All of this suggests it will be one of the biggest superfoods before too long.
We just need to open our minds and forget its painful history as an awful replacement for chocolate in the 70s and instead look for it being featured in everything from powders, bars, baked goods, RTD beverages, syrups and innovations in the world of coffee.
Olive Oil – The New Coconut Oil
During 2019 there was a lot of interest and debate about MCT-rich products and flavoured compound butter.
Although there is no clearly defined viewpoint on whether they are good or bad, with some evidence pointing either way – there is one fat that has a lot of evidence to back up claims it is good for your health.
That fat is good old extra-virgin olive oil. Namely, the Tyrosol and Elenolide found in it.
While tyrosol is a compound that helps to protect the body against neurodegenerative conditions and diseases, Elenolide is one that has science-backed evidence of anti-hypertensive attributes.
So watch this space, coconut oil! You might be on your way out and extra-virgin oil is back in with its blood-pressure lowering properties.
Chickpeas Mean More Than Just Hummus
The popularity of chickpea started to soar at some point in the 00s when hummus started appearing here, there and everywhere as a healthy dip replacement.
That has spiralled and chickpea is one of those ingredients that is being experimented a lot with.
Take aquafaba for instance (for those not in the know, that is the water that canned and other packaged chickpeas are stored and soaked in).
What is so special about this ingredient? Well, just Google aquafaba meringue, macarons or even ice-cream and you will see.
Prepare to be stunned at the many uses aquafaba has, usually as an egg or milk replacement.
Another way chickpea is being utilized in experimental ways is as flour, which unsurprisingly is being used to make all forms of crusts, flatbreads and other doughy products.
As it’s gluten-free, chickpea flour is ideal for those of us who can’t enjoy a simple bit of bread and butter due to dietary restrictions.
This experimentation will only continue as experts and curious amateurs continue to push what is possible with the humble chickpea.
Allulose – The Future Of Sweet?
Sugar continues to be cast as the villain by health experts and those looking to eat a little healthier and have better diets in general.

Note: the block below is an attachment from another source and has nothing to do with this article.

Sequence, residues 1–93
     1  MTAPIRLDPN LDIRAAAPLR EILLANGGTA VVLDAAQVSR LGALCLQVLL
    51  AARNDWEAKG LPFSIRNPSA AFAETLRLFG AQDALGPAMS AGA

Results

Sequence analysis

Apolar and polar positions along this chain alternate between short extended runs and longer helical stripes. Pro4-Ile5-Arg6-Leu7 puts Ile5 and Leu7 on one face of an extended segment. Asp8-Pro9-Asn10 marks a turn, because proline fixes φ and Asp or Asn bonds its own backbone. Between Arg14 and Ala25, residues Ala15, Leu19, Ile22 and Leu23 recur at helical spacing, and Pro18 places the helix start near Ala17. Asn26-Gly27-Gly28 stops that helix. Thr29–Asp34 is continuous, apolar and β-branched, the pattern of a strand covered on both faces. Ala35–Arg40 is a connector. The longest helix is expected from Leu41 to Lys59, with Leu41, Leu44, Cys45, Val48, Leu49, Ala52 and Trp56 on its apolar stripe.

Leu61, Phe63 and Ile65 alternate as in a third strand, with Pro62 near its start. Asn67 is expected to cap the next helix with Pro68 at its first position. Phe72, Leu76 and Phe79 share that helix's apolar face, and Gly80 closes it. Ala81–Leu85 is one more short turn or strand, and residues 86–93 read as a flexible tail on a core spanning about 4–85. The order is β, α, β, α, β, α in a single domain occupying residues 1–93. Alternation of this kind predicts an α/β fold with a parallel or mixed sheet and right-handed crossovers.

There is a continued effort to encourage consumers to choose products with less or no sugar.
As a result, companies responsible for manufacturing consumer packaged goods are looking to find the next new “non-sugar” sweetener.
Thanks to advancements in food technology and new requirements by the FDA and other industry regulatory bodies, two approaches are being taken with regards to all things sweet.
One is the use of the little-known sugar replacement allulose. In America at the very least, the FDA excluded allulose from the added and total sugar declarations on food nutritional labels, which has made it all the more attractive to food manufacturers and recipe devisers.
It is a natural sweetener taken from specific fruits and wheat and contains 1/10th the calories of regular table sugar. Expect to see a lot more of allulose in 2021.
Less Is More?
The second approach some in the industry are taking to tackle the issue of sweetness deserved being highlighted under its own heading.
That is, rather than completely removing and replacing sugar, companies like Doux Matok and Nestle are taking a more food technology-influenced approach.
The ideas these food giants have is to maximize the efficiency of any sugar used in their recipes so that they taste just as sweet but use as much as 40% less of the white stuff.
Although both measures are very much in the beginning stages, you should expect to see foods in general with much less sugar gain traction by 2021 and thereafter.
Copaiba – The Completely Legal Approach To Using CBD Oil?
CBD oil, is it legal or not? It’s such a grey area depending on where you live, what form you take and a whole heap of other issues covered by red tape, that yuou wonder whether it’s worth the aggrevation. There might just be a solution…
One thing we are very sure about is just how popular it has become and it’s not hard to see why.
With the reported benefits in the treatment for anxiety, chronic pain and inflammation being backed by more and more evidence, there are a lot of reasons why people persist in using it.
There may be a completely legal option in the form of Copaiba. This is an essential oil that is taken from the Copaifera tree’s resin and contains potent terpenes that are the same components found in CBD oil that interact with the body’s endocannabinoid system and provide similar benefits.
What’s more, it has a nice enough flavour. If you add it to edibles and elixirs, copaiba has a sweet, woody taste and scent that in itself encourages relaxation.
We expect to see this appearing more and more in the organic and natural foods sphere next year and beyond.
Hopefully, some of these insights and predictions help to drive your food and beverage marketing or, at least, provided you with some food for thought. If you need help with your food strategy, marketing or bringing your product to market locally or internationally, book a consultation – contact us now